Now rich and famous, Pacquiao recalls hard times

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The atmosphere Friday, Dec. 21 in his Forbes Park mansion was subdued as a small number of visitors listened intently to every word that came out of his mouth.


The soft light had something to do with the ambience as Manny Pacquiao reminisced about the days when he had to walk almost bare-feet for several miles under the blazing afternoon sun selling either ice cream or doughnuts to guarantee that there’d be food on the table.

A few days before Christmas, Pacquiao could not help but look back to the time when the mere mention of food made him drool in excitement.

Now, with exotic and expensive food laid out on the long table, Pacquiao no longer goes the extra mile in making sure there’d be something to chew on.

Whatever he fancies or craves for end up being served on his plate pronto just like the lobster and other seafood specialties that he just had.

“Life was hard back when I was growing up in General Santos,” said Pacquiao, who even moonlighted as a distributor of garlic and pepper in the local market while mother Dionisia earned a few pesos repacking fish crackers in plastic sachets.

The small crowd was made up of Sarangani governor Steve Solon, aide Joe Ramos and wife Joan and a handful more onlookers and as the dinner ended, just about everyone was moved by Pacquiao’s sob story.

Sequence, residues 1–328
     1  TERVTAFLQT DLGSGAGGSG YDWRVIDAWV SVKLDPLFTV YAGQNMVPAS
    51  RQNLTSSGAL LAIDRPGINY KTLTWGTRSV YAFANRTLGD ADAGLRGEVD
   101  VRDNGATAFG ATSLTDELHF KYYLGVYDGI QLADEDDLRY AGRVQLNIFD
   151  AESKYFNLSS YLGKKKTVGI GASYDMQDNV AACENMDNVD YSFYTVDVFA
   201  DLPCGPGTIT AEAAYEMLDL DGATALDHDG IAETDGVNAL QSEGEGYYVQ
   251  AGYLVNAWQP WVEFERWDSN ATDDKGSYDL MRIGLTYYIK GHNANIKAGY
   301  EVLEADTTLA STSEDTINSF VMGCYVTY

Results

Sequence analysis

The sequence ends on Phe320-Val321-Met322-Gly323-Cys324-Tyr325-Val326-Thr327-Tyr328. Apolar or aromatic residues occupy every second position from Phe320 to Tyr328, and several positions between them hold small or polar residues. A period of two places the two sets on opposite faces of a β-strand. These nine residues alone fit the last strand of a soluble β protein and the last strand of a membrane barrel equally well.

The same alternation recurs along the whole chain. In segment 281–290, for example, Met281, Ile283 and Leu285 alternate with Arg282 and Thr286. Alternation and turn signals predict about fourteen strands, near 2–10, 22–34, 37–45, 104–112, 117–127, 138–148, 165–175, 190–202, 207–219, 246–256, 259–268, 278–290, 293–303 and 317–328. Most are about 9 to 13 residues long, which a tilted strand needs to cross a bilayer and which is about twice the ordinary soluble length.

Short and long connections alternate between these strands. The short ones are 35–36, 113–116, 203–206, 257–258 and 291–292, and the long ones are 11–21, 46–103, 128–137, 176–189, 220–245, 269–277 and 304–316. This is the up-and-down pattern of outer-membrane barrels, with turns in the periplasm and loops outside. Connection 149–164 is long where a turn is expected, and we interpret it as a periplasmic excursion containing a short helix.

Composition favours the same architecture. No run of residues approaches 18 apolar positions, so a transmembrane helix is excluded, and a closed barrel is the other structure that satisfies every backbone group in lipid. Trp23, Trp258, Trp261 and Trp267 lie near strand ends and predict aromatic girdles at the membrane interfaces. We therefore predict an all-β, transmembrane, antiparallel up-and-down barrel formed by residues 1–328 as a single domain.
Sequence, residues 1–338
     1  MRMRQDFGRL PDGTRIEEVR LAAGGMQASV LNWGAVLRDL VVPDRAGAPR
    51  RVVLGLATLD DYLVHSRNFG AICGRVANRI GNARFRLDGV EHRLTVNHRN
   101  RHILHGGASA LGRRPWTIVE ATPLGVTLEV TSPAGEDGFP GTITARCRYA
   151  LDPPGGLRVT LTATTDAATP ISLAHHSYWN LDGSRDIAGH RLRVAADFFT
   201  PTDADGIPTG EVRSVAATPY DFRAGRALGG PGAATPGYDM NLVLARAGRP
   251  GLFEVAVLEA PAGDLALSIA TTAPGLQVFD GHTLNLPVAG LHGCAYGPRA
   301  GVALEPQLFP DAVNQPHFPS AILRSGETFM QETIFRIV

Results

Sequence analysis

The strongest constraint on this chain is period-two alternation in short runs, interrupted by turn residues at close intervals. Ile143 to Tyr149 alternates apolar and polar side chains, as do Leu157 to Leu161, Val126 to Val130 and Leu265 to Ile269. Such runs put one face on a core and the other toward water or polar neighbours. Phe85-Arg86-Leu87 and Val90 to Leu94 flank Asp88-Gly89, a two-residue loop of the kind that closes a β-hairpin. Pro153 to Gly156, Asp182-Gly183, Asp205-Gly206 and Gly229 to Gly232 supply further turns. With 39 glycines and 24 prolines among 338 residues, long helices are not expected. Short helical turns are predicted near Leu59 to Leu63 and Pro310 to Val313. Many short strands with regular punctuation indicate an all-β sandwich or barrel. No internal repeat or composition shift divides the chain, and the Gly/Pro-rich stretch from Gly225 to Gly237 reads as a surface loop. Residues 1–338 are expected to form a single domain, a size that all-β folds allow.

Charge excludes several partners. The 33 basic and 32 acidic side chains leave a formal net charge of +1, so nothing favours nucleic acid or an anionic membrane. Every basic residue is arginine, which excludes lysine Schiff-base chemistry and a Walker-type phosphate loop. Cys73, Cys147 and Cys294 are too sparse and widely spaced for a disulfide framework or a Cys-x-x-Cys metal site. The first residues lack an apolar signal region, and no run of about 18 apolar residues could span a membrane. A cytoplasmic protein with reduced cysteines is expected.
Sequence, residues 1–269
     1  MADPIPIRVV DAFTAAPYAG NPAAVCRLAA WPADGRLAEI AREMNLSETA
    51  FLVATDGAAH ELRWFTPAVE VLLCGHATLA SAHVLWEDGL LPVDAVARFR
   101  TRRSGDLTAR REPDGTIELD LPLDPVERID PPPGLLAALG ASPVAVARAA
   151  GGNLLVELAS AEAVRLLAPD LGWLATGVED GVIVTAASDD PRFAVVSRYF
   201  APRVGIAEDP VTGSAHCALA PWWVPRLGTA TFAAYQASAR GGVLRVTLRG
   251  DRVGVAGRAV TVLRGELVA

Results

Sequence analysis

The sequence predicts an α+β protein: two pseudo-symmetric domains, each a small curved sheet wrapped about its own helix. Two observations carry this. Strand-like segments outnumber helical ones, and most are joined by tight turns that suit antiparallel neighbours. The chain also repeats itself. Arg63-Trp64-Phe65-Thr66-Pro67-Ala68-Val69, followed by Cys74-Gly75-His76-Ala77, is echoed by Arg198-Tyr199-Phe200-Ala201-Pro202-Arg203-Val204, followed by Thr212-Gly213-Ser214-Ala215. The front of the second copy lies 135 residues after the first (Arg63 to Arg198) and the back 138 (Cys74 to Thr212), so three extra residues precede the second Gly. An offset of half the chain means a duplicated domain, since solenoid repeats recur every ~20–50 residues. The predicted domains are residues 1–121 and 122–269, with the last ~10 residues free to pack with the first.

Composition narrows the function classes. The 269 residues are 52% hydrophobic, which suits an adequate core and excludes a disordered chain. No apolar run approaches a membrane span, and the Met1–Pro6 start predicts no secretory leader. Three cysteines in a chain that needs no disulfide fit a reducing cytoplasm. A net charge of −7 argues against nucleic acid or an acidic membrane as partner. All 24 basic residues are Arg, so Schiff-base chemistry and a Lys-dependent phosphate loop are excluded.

“I never thought that I would be somebody,” said Pacquiao, who was lured into boxing by an uncle who had a stack of videotapes starring Mike Tyson, George Foreman and Sugar Ray Leonard.

Pacquiao said he got P100 during his first amateur fight and about P1,000 when he was still a four-rounder in the mid-1990s.

Those days are now long gone and Pacquiao has millions in dollars in the bank and countless properties even though he is currently trying to fight off the taxman here and abroad.

Pacquiao doesn’t seem to mind that he is facing the toughest fight of his storied career as he looks forward to his fight in April or May 2014 against a foe yet to be named.

Floyd Mayweather remains in his mind although he might end up facing Juan Manuel Marquez or Tim Bradley.

But five weeks removed from his last fight, Pacquiao isn’t thinking much about boxing.

“I just fought so let us all have a break and enjoy the holidays,” said Pacquiao, who beat Brandon Rios in Macau.

There was still a sizable portion of lobster left untouched as well as a plateful of vegetables, beef stew and squid and crabs that had turned cold as Pacquiao stood from his chair.


The scene was a far cry from the time when Pacquiao and his siblings and parents had dined on watery rice porridge. Manila Bulletin